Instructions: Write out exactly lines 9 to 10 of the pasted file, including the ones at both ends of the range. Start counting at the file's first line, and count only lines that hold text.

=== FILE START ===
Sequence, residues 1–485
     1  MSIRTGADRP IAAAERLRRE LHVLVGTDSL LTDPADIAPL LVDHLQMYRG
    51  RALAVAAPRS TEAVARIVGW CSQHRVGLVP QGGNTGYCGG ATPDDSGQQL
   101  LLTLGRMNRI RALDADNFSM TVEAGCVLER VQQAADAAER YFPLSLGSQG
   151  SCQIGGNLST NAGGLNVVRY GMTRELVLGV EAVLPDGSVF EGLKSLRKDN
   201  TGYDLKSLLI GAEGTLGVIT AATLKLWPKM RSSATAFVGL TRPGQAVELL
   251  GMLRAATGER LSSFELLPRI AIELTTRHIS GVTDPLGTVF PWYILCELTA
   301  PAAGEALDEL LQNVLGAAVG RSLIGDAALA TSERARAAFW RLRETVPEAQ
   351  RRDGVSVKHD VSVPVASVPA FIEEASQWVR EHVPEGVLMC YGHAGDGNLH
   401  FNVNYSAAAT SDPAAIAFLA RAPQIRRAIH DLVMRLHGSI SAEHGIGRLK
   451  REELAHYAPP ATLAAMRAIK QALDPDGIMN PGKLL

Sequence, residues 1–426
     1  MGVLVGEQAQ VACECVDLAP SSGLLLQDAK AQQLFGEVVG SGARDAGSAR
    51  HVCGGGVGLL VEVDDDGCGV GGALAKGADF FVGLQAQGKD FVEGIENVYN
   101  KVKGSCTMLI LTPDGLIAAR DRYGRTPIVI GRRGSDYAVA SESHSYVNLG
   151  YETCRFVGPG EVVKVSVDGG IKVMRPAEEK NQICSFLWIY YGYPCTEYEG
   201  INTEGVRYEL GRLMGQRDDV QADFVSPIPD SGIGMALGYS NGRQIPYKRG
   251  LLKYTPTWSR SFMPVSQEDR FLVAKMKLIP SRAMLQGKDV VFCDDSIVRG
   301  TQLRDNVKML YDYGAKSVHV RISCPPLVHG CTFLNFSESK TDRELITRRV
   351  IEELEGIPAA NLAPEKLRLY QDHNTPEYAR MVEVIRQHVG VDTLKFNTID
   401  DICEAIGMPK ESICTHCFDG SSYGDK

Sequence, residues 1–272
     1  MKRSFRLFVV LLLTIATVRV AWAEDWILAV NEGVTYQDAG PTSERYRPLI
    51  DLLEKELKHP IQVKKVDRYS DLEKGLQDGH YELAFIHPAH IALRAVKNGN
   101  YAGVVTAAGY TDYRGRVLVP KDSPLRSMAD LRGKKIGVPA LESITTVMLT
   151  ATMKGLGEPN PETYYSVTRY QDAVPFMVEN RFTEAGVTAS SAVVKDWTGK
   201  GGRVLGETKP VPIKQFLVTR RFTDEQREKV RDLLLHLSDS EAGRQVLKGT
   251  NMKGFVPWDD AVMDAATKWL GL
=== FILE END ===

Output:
   351  RRDGVSVKHD VSVPVASVPA FIEEASQWVR EHVPEGVLMC YGHAGDGNLH
   401  FNVNYSAAAT SDPAAIAFLA RAPQIRRAIH DLVMRLHGSI SAEHGIGRLK